A good place to begin progress, according to the researchers, is to focus on how boys and men are socialized and try to construct less rigid gender norms so that they don’t stress out about not measuring up to traditional masculine ideals. Unfortunately, the study doesn’t offer any tangible ways to do this, stating it’s too early to “make recommendations about specific prevention strategies.[iv]
How does one define “traditional masculinity” (and do I detect a biased taste in the “less rigid norms”)? What really is masculinity? Being masculine (or a man -depending on one’s age) is being male. Is that too simple? Is that the lowest common denominator, is it the pinnacle of a very practical observation. A man is a man. If we could naturally and heartily accept that, would there not be a lot less confusion and self-doubt in the hearts of our boys and emerging men? Nevertheless, I believe this would not necessarily make for a better world, because the real question has been obscured. Despite cultural leanings, masculine stereotypes, historical and traditional frameworks, the real questions are about the quality or kind of man one aspires to be.
The 3R’s of Masculinity
I purpose for your understanding and consideration a Biblical description and definition of authentic masculinity, in which I have titled “The 3 R’s: Reason, Roles and Relationship”. This approach was selected because it is a more meaningful and memorable way to organize and remember these concepts. We all know about “Reading, Writing and Arithmetic”, which ironically enough the latter two does not start with the letter “R” (and makes one question the educational system.)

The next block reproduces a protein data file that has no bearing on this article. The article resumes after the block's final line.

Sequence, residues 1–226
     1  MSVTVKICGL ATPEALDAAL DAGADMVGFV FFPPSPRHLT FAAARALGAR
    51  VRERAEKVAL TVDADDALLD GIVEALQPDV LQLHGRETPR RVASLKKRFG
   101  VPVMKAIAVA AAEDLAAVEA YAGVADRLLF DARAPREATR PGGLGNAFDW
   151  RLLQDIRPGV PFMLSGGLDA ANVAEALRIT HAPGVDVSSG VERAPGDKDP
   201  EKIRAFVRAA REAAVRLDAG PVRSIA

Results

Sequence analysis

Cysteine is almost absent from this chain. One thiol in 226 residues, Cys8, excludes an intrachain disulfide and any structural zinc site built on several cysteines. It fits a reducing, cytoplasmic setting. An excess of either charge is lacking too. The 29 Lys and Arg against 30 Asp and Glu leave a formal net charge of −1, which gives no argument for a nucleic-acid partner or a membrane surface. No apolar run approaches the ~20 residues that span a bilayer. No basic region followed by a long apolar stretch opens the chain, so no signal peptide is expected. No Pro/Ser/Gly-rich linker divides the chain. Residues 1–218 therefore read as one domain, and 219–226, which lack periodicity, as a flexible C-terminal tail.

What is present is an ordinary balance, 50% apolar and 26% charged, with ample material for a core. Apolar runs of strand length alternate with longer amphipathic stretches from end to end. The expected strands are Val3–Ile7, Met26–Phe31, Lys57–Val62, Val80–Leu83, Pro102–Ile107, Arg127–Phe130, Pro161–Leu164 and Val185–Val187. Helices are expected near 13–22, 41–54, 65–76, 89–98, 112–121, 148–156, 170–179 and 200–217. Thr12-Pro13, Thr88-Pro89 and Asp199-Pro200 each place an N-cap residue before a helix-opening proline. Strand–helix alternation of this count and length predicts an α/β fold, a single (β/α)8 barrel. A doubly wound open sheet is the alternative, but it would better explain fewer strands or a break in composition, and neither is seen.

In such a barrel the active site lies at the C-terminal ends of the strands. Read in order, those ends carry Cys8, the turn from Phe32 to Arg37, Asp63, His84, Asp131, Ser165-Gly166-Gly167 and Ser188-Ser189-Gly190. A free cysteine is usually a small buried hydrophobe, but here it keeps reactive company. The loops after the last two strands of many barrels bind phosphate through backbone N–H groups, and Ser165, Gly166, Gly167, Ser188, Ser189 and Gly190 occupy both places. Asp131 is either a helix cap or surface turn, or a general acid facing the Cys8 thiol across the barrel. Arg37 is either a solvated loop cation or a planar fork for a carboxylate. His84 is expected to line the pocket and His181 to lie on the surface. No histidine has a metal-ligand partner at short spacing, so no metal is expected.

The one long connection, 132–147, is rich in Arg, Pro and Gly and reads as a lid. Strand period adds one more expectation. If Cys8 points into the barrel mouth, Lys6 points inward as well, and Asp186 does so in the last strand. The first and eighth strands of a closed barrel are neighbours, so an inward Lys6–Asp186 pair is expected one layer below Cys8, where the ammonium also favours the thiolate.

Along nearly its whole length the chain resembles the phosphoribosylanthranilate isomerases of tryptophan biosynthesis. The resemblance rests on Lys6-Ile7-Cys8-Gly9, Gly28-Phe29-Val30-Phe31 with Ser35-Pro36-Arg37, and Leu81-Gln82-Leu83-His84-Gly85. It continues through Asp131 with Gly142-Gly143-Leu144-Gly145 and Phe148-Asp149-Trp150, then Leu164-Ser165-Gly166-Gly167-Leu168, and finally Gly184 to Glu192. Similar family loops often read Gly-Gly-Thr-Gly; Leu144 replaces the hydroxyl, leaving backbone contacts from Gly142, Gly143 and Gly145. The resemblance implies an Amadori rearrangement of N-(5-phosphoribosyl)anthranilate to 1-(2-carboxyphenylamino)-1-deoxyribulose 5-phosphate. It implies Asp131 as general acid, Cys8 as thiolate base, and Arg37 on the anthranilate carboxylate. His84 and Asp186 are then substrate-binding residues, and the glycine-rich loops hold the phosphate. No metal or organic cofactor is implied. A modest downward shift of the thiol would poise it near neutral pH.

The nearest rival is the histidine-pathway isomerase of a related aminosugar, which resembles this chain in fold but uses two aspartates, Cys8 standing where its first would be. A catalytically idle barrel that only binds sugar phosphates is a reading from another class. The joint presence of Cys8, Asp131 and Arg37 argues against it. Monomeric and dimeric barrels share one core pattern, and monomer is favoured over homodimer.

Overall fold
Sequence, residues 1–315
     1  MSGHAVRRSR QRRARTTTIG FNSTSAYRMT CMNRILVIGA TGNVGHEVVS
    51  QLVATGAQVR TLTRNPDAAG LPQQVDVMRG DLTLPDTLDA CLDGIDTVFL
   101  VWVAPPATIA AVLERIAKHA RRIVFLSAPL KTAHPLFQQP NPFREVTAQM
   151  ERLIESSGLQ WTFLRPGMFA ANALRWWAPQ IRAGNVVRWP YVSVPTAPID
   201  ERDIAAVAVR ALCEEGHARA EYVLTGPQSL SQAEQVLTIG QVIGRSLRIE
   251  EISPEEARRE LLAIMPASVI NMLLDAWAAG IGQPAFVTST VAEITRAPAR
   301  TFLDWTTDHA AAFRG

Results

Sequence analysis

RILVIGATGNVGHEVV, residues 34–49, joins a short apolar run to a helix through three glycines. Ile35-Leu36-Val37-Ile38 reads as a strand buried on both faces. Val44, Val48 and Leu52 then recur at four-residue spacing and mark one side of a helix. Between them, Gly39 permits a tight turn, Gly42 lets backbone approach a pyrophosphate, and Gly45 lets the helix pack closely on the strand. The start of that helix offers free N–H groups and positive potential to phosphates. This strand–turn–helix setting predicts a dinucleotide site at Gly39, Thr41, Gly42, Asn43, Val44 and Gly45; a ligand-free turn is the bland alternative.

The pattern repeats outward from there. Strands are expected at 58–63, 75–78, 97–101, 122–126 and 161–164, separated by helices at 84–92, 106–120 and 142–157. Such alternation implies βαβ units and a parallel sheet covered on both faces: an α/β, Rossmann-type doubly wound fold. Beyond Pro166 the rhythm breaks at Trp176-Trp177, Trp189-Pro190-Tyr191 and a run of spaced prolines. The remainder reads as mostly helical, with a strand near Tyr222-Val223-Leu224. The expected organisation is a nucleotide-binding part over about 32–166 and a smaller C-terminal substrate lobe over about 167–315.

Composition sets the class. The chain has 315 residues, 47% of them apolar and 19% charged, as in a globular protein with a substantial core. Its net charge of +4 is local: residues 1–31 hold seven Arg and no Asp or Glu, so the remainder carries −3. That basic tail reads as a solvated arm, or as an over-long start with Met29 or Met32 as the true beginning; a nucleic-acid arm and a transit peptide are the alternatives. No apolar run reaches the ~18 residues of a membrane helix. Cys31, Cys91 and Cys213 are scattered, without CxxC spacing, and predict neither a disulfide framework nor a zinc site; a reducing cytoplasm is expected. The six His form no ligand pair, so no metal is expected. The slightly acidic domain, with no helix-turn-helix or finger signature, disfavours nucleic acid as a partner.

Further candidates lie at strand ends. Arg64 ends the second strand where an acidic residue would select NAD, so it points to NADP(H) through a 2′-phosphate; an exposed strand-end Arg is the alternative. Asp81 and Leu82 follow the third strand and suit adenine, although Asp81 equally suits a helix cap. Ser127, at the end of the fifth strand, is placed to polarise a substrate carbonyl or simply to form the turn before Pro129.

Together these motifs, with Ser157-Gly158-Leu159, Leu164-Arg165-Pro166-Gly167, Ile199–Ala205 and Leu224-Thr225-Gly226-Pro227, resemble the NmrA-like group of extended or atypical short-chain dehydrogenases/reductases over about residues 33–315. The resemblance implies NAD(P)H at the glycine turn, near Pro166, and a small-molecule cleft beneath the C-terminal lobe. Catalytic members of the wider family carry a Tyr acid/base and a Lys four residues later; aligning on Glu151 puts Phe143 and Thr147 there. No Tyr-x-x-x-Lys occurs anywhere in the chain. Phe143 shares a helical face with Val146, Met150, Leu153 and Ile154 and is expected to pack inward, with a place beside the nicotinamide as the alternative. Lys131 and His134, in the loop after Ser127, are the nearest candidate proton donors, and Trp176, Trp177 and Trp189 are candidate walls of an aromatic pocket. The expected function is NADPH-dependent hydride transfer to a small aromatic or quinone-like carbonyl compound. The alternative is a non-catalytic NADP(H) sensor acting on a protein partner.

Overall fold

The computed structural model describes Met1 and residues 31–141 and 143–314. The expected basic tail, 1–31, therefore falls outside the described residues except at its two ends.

Perhaps more familiar is the environmental initiatives to “Reduce, Reuse and Recycle” which are also represented by R’s. What makes these mandates so powerful is their focus on the large picture of saving our planet and humanity (through a powerful global effort), while at the same time including the efforts of the individual – who feels the need to pitch some paper in a blue box so it won’t go to the landfill.
I see this collective and individual need to be immersed in a biblical vision and understanding of the masculinity. By starting with the Bible (Genesis 2), we have a much more stable, enduring and less personally biased route of discovery. What’s more, Adam -the original “Genesis Man” -being the first male, makes an obvious template in understanding masculinity. The “3 R’s” outlines the following:
Reason focuses on the connection to “environmental life”. Biblical masculinity means living in and living out the Reason of your existence as a male, being productive and making provision and bringing identity to your world, garden and sphere of influence.
Roles focusses on the connection to “social life”. Biblical masculinity means living in and living out your Roles as a man, sharing love and identity in your spheres of influence, be it as a husband, son, brother, friend or mentor.
Relationship focusses on the connection to “spiritual life.” Biblical masculinity is living in and living out an intimate relationship with your Creator our Father -God.
I challenge you to “go deep” with me as we explore… “The Genesis Man: Discovering and Aspiring towards a lifestyle of authentic Masculinity.”